9 principles of graceful success – Part 5

by | Jun 14, 2013 | Entrepreneurship, Mindset

Miyamoto Musashi, principle 5Circa 1645, famed samurai Miyamoto Musashi wrote The Book of Five Rings, a text on kenjutsu and the martial arts in general. Within that book, he wrote of nine principles one can practice and embody to achieve the success that comes with grace and excellence. This is the fifth post in a series where I interpret each one with the lens of a creative entrepreneur.

Today’s principle is:

Be discreet regarding one’s commercial dealings

Everybody doesn’t need to know all your business. There is a limit to how honest and truthful you need to be. Keeping somethings to yourself accomplishes a few things:

  • It protects you from scam and con artists
  • It protects you from jealousy
  • It helps keep you rooted

The first two are probably pretty obvious. If you give too much information away, scam and con artists can use it against you. And, there are those that may become jealous (or mean and spiteful) about your success (or lack there of) and you don’t need to encourage that negative energy.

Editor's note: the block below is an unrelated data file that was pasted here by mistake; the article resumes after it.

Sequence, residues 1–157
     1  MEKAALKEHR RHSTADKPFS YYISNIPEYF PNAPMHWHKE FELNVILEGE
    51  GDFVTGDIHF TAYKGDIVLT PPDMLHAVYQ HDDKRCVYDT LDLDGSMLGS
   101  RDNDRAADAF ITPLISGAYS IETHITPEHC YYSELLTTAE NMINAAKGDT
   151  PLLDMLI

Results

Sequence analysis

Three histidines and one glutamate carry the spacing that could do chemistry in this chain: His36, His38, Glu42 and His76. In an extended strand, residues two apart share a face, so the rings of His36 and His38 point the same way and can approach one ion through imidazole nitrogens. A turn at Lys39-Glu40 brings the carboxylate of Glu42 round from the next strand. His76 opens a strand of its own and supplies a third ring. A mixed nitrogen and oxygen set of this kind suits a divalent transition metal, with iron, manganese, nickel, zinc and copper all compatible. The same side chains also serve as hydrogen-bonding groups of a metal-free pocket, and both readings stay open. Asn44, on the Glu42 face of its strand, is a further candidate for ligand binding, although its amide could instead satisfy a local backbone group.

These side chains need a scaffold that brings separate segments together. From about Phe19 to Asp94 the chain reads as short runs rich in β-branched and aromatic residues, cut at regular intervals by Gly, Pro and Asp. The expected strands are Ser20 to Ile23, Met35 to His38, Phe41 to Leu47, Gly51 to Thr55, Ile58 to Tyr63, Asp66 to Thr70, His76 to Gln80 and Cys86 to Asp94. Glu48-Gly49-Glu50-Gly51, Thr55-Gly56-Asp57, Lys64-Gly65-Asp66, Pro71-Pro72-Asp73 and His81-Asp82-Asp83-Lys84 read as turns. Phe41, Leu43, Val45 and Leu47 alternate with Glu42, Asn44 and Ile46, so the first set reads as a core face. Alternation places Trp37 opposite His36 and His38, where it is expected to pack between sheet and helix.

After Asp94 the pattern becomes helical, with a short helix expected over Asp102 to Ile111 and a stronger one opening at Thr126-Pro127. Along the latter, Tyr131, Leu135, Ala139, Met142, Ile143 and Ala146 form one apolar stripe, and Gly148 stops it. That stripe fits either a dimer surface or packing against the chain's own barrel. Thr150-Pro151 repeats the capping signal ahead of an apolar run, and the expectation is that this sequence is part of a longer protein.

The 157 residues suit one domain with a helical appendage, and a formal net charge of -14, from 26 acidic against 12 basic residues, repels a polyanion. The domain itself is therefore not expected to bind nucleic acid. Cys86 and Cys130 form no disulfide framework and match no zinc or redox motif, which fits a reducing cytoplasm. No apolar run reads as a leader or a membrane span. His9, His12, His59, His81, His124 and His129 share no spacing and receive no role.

But how does being discreet keep you rooted? It prevents you from giving out information too soon, thus ending up falling over your own two feet. Keeping private things private honours your soul, integrity and privacy. There is limit to transparency that you need to respect.

Besides, too much information can weaken your position and turn people off. That’s the last thing you want to do in business!

Here are some things you can do to help you be discreet with your commercial dealings:

  • Before revealing business information, ask yourself does the recipient need to know this information? Is it critical or tangential to their decision-making process? If the information is not critical, don’t share it.
  • Shred documents before throwing them away. Invest in a shredder … you can get a decent one for $20-50. Shredding your documents before throwing them away protects you from garbage jumpers (those folks who go through people’s trash looking for information they can use to steal someone’s identity)>
  • Know your rights. Educate yourself about information you must reveal and information you have the right to keep private.

commentNow Its Your Turn:
How do you practice discretion in your business? Do you have advice to help others practice discretion? Have you mistakenly shared too much? Share your story so others can learn from your mistakes. Please contribute your wisdom in a comment below.

Did you miss the first four posts in this series? You can read them here:

  • Part 1: Do not harbor sinister designs.
  • Part 2: Diligently pursue the Path of Two-Swords-as-One
  • Part 3: Cultivate a wide range of interests in the arts
  • Part 4: Be knowledgeable in a variety of occupations

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